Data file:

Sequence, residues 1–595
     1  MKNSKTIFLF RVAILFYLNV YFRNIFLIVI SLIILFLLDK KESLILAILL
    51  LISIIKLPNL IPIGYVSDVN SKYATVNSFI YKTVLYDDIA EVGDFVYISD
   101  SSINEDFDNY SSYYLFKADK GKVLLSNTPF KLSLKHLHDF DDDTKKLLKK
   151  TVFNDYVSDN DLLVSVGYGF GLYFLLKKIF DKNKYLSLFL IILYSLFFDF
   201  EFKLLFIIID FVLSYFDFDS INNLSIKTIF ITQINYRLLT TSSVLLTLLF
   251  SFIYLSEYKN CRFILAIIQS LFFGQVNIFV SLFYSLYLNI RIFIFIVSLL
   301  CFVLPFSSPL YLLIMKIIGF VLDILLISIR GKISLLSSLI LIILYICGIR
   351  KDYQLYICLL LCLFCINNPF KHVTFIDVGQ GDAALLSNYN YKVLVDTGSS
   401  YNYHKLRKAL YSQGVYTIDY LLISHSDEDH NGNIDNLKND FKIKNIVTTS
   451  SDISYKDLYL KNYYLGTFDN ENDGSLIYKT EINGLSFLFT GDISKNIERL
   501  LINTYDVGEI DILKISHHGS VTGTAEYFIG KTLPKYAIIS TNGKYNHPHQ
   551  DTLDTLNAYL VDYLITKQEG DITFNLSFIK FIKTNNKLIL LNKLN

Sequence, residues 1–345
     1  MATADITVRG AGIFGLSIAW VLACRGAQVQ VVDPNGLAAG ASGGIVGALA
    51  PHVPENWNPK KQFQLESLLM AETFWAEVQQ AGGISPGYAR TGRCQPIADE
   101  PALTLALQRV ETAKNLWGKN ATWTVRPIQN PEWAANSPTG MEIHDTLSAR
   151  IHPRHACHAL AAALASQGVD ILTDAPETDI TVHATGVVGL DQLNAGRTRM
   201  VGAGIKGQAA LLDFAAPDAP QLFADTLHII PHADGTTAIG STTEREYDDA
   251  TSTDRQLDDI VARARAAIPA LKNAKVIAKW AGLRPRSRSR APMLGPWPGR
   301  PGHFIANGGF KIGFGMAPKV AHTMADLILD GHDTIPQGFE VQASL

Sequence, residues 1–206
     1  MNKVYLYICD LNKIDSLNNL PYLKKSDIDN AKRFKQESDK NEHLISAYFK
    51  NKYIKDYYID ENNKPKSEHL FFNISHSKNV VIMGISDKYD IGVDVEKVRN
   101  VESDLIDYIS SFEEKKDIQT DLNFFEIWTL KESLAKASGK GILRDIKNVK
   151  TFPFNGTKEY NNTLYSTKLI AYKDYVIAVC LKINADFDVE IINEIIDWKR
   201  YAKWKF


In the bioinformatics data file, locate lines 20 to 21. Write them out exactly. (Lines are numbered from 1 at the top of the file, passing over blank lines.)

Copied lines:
   251  TSTDRQLDDI VARARAAIPA LKNAKVIAKW AGLRPRSRSR APMLGPWPGR
   301  PGHFIANGGF KIGFGMAPKV AHTMADLILD GHDTIPQGFE VQASL